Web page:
That is, of course, all the more reason that governments alone should neither set the rules for access, nor be the final ones to determine if something should be released. You cannot get a more precise example of a conflict of interest.
It’s the love-hate relationship with releasing government information that never seems to end.
Federally, Justin Trudeau campaigned, in part, on reviewing federal access to information laws that hadn’t been effectively reviewed in years: in the platform, that promise was unequivocal and far-reaching — “Government data and information should be open by default, in formats that are modern and easy to use. We will update the Access to Information Act to meet this standard.” They promised to make requests cheaper, promised to allow an independent access commissioner to require the release of information, and promised to ensure the law would cover ministers’ offices, as well as the Prime Minister’s Office.
Apparently, that commitment was false — now, the Trudeau Liberals have put those promises on ice for an indefinite amount of time, suggesting that access to information is a complex issue that will take much more time. Really, it isn’t; what’s complex is trying to explain why government openness is good, unless you are the government in question.
But it’s not only the federal Liberals who are accountability-challenged.
A little closer to home, the government of New Brunswick is having problems with access law, too.
There, the provincial government is trying to halt a CBC investigation into water contamination, saying the request is “frivolous and vexatious.”
“We are concerned that the Applicant is using the access to information process and the resources of the Department to fish for information. … We do believe that fishing for information is not a legitimate exercise of the right of access,” Tourism Minister John Ames wrote in a March 24 letter to Anne Bertrand, that province’s access to information commissioner.
Well, of course it is a fishing mission. But that doesn’t make it illegitimate.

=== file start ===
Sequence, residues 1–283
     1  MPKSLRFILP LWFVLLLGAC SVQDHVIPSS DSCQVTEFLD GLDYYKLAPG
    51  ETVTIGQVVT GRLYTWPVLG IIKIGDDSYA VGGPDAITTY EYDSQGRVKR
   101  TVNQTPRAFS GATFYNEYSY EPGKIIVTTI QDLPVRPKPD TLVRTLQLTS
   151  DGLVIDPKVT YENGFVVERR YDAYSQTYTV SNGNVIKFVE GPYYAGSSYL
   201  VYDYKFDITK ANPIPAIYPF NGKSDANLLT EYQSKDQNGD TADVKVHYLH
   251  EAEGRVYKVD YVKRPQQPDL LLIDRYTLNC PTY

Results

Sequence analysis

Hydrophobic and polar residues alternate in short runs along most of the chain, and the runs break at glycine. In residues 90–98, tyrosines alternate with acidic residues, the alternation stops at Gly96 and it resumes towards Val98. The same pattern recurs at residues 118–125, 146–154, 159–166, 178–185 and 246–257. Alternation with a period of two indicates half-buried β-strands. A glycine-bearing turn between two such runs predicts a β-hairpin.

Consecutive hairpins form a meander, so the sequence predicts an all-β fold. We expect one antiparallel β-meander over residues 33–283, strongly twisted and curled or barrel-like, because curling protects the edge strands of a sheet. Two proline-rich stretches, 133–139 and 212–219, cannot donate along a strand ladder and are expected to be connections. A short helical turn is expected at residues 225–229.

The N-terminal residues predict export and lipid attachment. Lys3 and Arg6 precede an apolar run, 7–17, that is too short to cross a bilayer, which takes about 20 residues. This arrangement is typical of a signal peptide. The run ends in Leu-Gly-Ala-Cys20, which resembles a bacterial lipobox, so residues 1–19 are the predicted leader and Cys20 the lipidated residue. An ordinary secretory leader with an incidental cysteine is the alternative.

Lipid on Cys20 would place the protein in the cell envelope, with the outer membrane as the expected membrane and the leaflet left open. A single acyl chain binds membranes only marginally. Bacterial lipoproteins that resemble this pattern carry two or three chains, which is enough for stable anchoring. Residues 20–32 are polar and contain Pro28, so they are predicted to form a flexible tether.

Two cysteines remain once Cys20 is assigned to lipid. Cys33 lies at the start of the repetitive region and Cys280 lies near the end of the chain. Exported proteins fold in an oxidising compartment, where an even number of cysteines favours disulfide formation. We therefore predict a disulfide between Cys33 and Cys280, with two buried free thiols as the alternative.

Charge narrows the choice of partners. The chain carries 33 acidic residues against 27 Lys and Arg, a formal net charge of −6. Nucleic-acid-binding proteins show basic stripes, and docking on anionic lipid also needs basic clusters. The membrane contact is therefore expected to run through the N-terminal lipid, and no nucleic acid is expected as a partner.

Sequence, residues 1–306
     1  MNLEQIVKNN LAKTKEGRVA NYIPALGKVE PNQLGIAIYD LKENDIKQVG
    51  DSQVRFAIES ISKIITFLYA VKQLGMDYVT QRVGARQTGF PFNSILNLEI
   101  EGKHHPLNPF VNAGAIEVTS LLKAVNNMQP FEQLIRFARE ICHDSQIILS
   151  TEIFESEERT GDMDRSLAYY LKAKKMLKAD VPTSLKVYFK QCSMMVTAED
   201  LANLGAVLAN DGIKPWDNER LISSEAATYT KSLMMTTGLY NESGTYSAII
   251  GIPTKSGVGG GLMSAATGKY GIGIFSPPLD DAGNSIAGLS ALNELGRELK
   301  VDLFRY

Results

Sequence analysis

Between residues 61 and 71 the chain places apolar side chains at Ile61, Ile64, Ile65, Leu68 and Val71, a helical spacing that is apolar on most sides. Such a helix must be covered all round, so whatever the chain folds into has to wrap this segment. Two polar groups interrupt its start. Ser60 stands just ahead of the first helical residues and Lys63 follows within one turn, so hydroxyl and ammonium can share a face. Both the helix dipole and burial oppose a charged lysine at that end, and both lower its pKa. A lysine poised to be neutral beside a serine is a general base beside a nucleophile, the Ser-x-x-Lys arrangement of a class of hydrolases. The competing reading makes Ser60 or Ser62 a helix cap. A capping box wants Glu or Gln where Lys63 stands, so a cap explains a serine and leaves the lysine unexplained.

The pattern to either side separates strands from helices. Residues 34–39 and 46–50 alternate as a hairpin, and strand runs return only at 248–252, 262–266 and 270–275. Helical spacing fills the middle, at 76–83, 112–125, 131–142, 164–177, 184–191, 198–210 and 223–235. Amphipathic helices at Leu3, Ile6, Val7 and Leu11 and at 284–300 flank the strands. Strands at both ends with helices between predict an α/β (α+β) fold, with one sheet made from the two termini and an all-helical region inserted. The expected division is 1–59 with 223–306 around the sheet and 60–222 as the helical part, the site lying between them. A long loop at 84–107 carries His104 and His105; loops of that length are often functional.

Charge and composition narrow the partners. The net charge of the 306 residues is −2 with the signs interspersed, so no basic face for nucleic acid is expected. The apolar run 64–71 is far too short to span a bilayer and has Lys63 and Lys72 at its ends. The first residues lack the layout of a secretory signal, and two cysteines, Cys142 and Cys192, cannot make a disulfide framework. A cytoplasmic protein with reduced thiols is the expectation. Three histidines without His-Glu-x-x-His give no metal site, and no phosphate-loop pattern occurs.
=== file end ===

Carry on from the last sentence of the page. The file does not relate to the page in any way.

Access to information requests are, by nature, fishing missions; if you already know exactly what it is you are looking for, chances are, you have it in your hands. An access request is asking for any other information that may exist, and a government with the interests of its constituents at heart should be ready to hand over and explain that information, even if that involves taking more than a few public lumps.
(It’s worth noting that the New Brunswick government actually had a discussion paper that suggested letting individual departments decide on their own if a request was frivolous and just dismiss it out of hand, instead of having to go to the access commissioner for a ruling. Once again, a clear conflict of interest.)
What governments forget, of course, is that it’s hard to find any friends to support closing the door on legitimate requests. In Newfoundland and Labrador, there was a huge outcry over provincial legislation that severely restricted access to information, to the point that the legislation ended up being overturned.
The problem is, when you say you can’t be bothered to release information, or when you simply disparage those who are looking for it, what the public hears is something completely different.
What they hear, loud and clear, is that you have something to hide.
Opposition after opposition, government after government, we go through the same hoops. But information will always be power, and governments have always loved power more than they love anything else.
Russell Wangersky is TC Media’s Atlantic regional columnist. He can be reached at email@example.com — Twitter: @Wangersky.